In 1830 Robert Desmond Fitzgerald was born at Tralee, in Ireland.  When he was a young man of about 26 he came to Sydney and entered the surveyor-General’s office as a draughtsman; he became Deputy Surveyor-General, and held that post till he retired in 1887 to devote the rest of his life to his great work, the study of Australian orchids.  He travelled all over the Commonwealth and made innumerable drawings and paintings of orchids.  He drew always from the living plant (rather an exception in his day when the dried specimen was often used, even when fresh plants were available), and his drawings have grace and charm and also an unmistakable individual style.

His work was published in several huge folio volumes, called “Australian Orchids,” and in these he figures and describes over 200 species.  As well as making the original drawing in colour, he made the lithographic plates for a number of the reproductions.

He kept no dried specimens, and so left no herbarium on his death (at Hunter’s Hill, Sydney, in 1892), and this is to be regretted, as he described and named a number of new species, and the type (the original specimen) not being available it is sometimes difficult to determine whether other specimens are true to this type, or variations, or actually different species.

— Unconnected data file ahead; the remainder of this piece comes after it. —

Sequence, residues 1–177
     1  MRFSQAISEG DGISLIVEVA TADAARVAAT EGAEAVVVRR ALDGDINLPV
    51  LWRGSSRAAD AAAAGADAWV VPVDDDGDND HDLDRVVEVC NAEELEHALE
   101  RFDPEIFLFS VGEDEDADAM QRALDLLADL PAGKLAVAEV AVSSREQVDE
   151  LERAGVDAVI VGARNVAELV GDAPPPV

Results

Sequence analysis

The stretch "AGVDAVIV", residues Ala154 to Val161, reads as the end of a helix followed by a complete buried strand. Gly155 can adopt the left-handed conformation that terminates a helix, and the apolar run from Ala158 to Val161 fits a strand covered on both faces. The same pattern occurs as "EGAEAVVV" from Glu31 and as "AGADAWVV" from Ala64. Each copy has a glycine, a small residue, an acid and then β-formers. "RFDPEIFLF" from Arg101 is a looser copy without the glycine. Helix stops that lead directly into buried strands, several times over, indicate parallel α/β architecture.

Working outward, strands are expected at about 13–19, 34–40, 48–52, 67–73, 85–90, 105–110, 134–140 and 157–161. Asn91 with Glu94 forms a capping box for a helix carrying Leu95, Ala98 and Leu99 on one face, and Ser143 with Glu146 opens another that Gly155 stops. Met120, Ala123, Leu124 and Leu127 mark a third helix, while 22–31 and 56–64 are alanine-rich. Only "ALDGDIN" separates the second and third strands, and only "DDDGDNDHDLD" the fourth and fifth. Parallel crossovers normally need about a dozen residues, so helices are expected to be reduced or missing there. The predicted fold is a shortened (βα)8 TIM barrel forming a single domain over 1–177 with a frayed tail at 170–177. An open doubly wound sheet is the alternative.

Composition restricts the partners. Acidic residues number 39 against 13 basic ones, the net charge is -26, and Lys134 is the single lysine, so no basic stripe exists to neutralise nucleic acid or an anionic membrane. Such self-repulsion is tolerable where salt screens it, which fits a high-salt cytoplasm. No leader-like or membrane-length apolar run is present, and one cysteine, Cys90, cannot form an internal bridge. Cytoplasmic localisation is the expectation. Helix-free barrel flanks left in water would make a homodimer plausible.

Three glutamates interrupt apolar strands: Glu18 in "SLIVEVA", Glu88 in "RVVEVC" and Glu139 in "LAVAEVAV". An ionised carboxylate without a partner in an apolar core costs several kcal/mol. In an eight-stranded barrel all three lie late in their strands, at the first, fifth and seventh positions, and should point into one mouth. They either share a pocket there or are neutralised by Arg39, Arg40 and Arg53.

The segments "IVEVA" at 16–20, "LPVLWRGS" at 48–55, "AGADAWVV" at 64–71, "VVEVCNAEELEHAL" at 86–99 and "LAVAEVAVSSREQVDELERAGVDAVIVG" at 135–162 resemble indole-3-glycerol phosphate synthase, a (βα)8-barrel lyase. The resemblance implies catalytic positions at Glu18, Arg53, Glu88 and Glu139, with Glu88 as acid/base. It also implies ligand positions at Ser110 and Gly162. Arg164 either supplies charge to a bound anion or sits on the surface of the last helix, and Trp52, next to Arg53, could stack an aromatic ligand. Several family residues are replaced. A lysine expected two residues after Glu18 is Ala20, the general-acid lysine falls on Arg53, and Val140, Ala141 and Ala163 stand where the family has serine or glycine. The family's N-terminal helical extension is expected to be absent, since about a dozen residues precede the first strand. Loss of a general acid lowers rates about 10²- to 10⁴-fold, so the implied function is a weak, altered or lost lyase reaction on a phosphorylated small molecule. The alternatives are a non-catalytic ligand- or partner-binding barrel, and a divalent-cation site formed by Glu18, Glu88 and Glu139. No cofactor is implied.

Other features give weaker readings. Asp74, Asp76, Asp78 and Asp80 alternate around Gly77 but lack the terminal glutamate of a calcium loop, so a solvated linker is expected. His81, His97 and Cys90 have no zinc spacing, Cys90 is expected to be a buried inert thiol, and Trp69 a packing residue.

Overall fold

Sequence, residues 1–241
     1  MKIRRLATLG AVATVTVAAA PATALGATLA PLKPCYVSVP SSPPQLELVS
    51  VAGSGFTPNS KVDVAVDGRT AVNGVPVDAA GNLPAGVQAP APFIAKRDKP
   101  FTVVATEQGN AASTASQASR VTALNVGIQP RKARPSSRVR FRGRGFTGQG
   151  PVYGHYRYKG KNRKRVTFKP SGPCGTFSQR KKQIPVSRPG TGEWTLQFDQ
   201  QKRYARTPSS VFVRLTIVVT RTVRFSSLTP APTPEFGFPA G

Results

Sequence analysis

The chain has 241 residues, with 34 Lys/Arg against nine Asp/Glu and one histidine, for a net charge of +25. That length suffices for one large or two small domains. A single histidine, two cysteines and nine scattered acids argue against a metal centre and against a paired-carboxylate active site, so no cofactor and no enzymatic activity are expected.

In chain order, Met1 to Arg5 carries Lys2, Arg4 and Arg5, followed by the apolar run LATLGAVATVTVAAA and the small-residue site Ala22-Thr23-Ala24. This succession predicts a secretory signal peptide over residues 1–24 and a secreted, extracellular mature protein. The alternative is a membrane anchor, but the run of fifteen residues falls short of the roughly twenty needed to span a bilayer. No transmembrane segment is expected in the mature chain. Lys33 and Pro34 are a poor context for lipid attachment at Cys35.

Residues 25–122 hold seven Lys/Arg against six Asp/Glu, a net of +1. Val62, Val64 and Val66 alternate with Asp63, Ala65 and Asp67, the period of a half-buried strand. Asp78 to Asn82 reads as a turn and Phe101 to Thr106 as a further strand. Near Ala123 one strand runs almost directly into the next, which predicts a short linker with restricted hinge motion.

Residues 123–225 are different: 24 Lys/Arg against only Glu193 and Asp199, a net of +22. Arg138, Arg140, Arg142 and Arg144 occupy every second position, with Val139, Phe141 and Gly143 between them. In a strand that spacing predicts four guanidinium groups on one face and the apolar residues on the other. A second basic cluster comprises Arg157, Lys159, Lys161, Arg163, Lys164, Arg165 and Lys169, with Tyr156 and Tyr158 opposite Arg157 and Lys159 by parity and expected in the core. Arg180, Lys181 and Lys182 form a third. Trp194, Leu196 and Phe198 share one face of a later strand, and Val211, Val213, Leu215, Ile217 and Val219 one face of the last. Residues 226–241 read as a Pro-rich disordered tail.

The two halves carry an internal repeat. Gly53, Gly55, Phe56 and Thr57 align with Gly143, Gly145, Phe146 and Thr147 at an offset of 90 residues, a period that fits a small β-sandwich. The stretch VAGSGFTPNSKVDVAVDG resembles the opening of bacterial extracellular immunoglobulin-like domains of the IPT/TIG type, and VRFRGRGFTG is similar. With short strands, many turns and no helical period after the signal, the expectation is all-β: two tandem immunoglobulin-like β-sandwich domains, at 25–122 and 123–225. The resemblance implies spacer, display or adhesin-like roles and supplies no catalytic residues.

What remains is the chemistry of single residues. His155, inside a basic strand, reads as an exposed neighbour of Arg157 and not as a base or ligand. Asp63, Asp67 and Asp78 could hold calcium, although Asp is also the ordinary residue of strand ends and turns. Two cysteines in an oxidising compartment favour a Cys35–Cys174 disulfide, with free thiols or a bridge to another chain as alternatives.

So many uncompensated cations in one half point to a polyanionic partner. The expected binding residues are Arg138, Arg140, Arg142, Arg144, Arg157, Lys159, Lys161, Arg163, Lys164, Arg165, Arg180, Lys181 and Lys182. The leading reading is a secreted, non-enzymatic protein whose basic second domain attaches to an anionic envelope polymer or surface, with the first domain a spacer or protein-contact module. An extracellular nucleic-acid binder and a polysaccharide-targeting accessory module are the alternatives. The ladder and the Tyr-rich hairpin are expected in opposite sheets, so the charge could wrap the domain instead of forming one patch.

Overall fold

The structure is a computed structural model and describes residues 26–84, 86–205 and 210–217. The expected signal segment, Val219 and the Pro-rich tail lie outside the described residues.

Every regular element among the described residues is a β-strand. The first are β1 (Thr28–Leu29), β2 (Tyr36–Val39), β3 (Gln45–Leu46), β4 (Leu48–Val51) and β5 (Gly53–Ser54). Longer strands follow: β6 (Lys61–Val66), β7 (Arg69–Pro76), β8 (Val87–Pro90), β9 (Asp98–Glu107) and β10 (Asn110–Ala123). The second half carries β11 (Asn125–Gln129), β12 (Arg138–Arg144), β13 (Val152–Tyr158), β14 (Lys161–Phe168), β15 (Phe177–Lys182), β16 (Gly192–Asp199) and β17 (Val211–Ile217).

An 1888 reprint of one of his many prints. The species featured are Caleana major (Flying Duck Orchid) and Paracaleana minor (Little Duck Orchid)

An 1888 reprint of one of his many prints. The species featured are Caleana major (Flying Duck Orchid) and Paracaleana minor (Little Duck Orchid)

 

Australian Orchids & the Doctors they Commemorate Part 11 of 20

Ferdinand Von Mueller (1825 – 1896)

A qualified pharmacist in Rostock (Germany) who emigrated to Australia in 1847 and wrote extensively on the medicinal properties of plants; he was a founder of Australian botany and published over 800 articles on botany.

Orchid species:

Habenaria ferdinandi image and location

Taeniophyllum muelleri

Australian Orchids and the Doctors they Commemorate Part 7 of 20

Robert Brown (1773 -1858)

A Scottish-born and Edinburgh-trained surgeon, doctor-soldier, and the father of Australian botany; he was awarded the Copley Medal in 1839, then the world’s highest accolade in science.

Orchid species: Elythranthera brunonis (= Glossodia brunonis)

Microtis brownii

Prasophyllum brownii